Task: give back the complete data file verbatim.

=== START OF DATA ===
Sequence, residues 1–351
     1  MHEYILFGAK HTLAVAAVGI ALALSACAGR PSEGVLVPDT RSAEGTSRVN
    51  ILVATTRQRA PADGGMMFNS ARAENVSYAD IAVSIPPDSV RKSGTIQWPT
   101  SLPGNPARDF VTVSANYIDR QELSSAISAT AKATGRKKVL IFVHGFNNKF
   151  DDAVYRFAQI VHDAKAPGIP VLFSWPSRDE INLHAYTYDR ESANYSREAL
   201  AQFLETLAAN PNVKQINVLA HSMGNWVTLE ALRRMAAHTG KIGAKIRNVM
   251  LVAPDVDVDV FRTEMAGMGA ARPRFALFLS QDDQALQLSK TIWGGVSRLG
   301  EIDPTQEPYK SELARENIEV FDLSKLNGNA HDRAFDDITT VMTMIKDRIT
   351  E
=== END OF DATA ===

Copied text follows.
Sequence, residues 1–351
     1  MHEYILFGAK HTLAVAAVGI ALALSACAGR PSEGVLVPDT RSAEGTSRVN
    51  ILVATTRQRA PADGGMMFNS ARAENVSYAD IAVSIPPDSV RKSGTIQWPT
   101  SLPGNPARDF VTVSANYIDR QELSSAISAT AKATGRKKVL IFVHGFNNKF
   151  DDAVYRFAQI VHDAKAPGIP VLFSWPSRDE INLHAYTYDR ESANYSREAL
   201  AQFLETLAAN PNVKQINVLA HSMGNWVTLE ALRRMAAHTG KIGAKIRNVM
   251  LVAPDVDVDV FRTEMAGMGA ARPRFALFLS QDDQALQLSK TIWGGVSRLG
   301  EIDPTQEPYK SELARENIEV FDLSKLNGNA HDRAFDDITT VMTMIKDRIT
   351  E